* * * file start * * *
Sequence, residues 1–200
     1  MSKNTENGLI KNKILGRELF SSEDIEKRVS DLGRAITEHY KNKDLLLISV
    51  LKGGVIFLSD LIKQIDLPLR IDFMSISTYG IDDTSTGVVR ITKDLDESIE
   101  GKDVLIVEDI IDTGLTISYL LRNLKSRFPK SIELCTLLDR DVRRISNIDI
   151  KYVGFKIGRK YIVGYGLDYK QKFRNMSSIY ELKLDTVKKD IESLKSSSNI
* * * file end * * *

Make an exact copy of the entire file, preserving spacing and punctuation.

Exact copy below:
Sequence, residues 1–200
     1  MSKNTENGLI KNKILGRELF SSEDIEKRVS DLGRAITEHY KNKDLLLISV
    51  LKGGVIFLSD LIKQIDLPLR IDFMSISTYG IDDTSTGVVR ITKDLDESIE
   101  GKDVLIVEDI IDTGLTISYL LRNLKSRFPK SIELCTLLDR DVRRISNIDI
   151  KYVGFKIGRK YIVGYGLDYK QKFRNMSSIY ELKLDTVKKD IESLKSSSNI